Top ten tips for creating an autism-friendly workplace
The team at Aspect Capable and some of the adults on the spectrum that they work with, have compiled their ten top tips for creating an autism friendly workplace.
1. Staff awareness and training
Having a team that understand what autism is goes a long way to supporting someone on the spectrum, and making them feel welcomed and part of the team. While knowledge about autism is increasing every day, you’d be surprised how many myths and misconceptions are out there.
2. A person to turn to
A mentor, a colleague, a boss or just a friend, having someone to talk to, ask questions and get advice from can help everyone understand each other better, and stops the person on the spectrum from feeling isolated.
“The big thing my employer has done for me is give me someone I can turn to (my colleague James) if I am having a problem. Whenever I have a problem which would usually cause me to have a bit of a meltdown, I can simply turn to James and he helps me. It has helped me to keep stress at a really low level.”
3. Flexible/ adapted working hours
Although routine and structure are often valued highly by someone on the spectrum, the 9-5 workday might not be suitable.
“My workplace has made several adjustments to the role to help me settle in. The work schedule is slightly different, I come in and work slightly later hours, and I am working part time rather than full time.”
4. Recruitment techniques and on-boarding
Job interviews are nerve-wracking for everybody. For those on the spectrum, they can be even trickier to navigate.
“I had a group interview once. I thought I had to answer every question and comment on everything, in order to succeed. I didn’t know that this wasn’t how you are supposed to do things.”
Alternative methods, such as trial shifts or asking the interviewee if they would like to bring someone along can help. A visual timetable for induction week, so the new employee knows what to expect can also help with reducing anxiety.
5. Don't stereotype
There are two key stereotypes that often pop up when thinking about autism in the workplace.
Sometimes people think that autism = genius, while others think that it means an intellectual disability. Both of these stereotypes often lead to people on the spectrum being in an unsuitable role, either one that doesn’t meet their skills and interests, or one that they are hugely overqualified for. Making assumptions about someone causes problems. Always remember: no two people with autism are the same and, just like everybody else, feelings and behaviours can change depending on circumstances. Take time to talk to your employee on the spectrum about the accommodations and adjustments that will be most helpful for them, and remain alert to possible 'triggers' for anxiety or cognitive overload.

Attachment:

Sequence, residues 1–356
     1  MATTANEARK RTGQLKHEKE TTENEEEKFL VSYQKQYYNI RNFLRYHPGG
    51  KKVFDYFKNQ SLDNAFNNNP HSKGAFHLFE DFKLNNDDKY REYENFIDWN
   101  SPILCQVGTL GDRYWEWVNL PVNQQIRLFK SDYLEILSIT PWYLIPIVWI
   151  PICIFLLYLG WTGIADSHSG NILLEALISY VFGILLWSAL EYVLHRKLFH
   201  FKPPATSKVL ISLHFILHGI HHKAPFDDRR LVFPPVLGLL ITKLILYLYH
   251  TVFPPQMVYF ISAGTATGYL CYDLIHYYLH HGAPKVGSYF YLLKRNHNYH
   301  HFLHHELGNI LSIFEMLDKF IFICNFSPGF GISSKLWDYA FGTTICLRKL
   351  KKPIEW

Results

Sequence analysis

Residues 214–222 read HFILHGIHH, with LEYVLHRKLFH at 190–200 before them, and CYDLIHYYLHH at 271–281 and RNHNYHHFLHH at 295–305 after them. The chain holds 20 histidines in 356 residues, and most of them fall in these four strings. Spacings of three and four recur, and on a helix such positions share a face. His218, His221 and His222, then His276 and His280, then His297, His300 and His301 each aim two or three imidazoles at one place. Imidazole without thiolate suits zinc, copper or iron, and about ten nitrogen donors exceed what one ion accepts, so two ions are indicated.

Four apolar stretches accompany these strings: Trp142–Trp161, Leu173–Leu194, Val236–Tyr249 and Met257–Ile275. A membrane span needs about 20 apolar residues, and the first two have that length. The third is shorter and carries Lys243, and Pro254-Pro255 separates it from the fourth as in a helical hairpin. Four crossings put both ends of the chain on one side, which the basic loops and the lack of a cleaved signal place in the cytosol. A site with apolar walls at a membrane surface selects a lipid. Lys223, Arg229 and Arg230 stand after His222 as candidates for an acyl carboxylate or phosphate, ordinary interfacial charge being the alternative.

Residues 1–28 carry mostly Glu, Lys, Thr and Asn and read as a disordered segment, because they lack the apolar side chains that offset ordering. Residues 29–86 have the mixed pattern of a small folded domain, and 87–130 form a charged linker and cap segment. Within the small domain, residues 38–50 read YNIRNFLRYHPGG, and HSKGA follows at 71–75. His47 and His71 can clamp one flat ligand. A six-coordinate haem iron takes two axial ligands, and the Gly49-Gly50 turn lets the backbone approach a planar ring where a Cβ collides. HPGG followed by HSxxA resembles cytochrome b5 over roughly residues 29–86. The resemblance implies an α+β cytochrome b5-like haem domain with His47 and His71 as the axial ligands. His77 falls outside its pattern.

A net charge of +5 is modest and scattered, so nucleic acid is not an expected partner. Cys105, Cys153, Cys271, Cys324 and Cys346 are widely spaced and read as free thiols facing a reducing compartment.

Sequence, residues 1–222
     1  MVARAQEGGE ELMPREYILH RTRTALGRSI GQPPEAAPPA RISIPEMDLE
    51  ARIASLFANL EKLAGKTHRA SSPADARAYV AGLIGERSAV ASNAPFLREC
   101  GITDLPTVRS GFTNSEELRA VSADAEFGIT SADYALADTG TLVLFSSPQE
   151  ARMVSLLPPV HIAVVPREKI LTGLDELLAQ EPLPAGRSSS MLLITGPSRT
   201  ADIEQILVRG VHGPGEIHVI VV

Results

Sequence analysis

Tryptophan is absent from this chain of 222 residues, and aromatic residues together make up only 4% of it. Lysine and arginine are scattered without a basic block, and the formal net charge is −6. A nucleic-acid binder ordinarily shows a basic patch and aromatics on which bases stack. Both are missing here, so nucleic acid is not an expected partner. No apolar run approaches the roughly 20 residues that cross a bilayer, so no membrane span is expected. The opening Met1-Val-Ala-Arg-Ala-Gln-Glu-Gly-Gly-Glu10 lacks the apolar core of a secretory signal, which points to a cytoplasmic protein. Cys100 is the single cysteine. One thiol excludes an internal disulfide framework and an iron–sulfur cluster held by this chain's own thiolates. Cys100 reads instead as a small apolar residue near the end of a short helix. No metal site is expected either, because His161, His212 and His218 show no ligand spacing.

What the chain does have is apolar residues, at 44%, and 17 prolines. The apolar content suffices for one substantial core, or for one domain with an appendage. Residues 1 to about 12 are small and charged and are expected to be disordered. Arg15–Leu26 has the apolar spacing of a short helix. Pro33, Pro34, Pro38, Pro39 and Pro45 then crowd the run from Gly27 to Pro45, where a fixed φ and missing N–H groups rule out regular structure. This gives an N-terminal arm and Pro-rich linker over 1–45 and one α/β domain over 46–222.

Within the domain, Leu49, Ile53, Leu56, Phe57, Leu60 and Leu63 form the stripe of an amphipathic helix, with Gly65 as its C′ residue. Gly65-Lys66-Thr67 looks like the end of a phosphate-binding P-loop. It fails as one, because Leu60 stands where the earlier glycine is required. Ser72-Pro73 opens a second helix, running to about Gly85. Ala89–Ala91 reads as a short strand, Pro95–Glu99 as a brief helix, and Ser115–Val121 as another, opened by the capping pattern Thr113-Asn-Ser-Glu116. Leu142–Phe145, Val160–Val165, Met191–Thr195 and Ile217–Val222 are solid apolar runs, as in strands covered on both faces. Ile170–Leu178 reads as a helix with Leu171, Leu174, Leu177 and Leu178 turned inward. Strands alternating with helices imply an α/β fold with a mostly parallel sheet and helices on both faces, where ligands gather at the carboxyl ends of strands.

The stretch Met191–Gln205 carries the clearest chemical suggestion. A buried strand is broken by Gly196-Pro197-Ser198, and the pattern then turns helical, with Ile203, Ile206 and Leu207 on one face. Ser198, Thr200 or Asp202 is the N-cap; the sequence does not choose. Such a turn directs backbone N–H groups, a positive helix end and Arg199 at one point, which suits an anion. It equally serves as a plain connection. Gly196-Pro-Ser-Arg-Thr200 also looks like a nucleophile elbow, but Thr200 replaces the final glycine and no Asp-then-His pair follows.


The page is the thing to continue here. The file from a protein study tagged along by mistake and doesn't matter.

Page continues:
6. Be thoughtful around office politics and social norms
There are unspoken social norms and behaviours that are commonly understood amongst colleagues. For example, you might phrase your feedback in a certain way, so you don’t appear critical, or you don’t ask someone how much they earn. For someone on the spectrum, these unspoken norms might not be so obvious.
“In our office, we had a shared mug policy – help yourself and use any mug you want to for your morning coffee. Most people in the office are fine with this, but living on the spectrum means I usually have to have things a certain way. In this case, I have to use my mug. Once I explained this to everyone, they understood.”
7. Adjusting the workspace
People on the autism spectrum can have different sensory needs to other employees. Finding out what they need, and making a few small adjustments, such as changing the lighting or selecting the right desk space can make a huge difference to make someone feel more comfortable.
8. Listening to new ideas
Autism can allow a person to see things differently, and with a different perspective can come some brilliant innovations. Instead of a 7 step working process, they might identify a 5 step process, and massively increase efficiency and productivity. Listening to these suggestions and ideas can have great benefits for an employer.
9. Give clear instructions
Communication is key, and sometimes when giving verbal instructions, we can use implied meanings and assume that everybody understands. Following up verbal instructions with a written version can help someone on the spectrum understand exactly what is required, and gives the individual something to refer back to.
10. Ongoing support
Having a predictable review/supervision meeting with the manager every week, for example, is crucial for the employees' success within their role. It allows them the opportunity to ask questions, receive honest and concrete feedback to help them progress and discuss any changes that to be made.
Aspect Capable are now offering a free service to employers, as part of a newly funded program. To create more ‘autism-friendly’ employment options, the Aspect Capable team assists employers with all recruitment and on-boarding processes along with mentoring, training and ongoing support to potential employees on the spectrum.
For more real-life stories from adults on the spectrum:
“Shining a Light on the Autism Spectrum: Experiences and Aspirations of Adults” By Debra Costley, Susanna Baldwin, Susan Bruck, Kaaren Haas, Kerry Ritzrow, 2017 – Routledge, is out now (with a 20% discount until end of Jan) or you can check out our newsletter.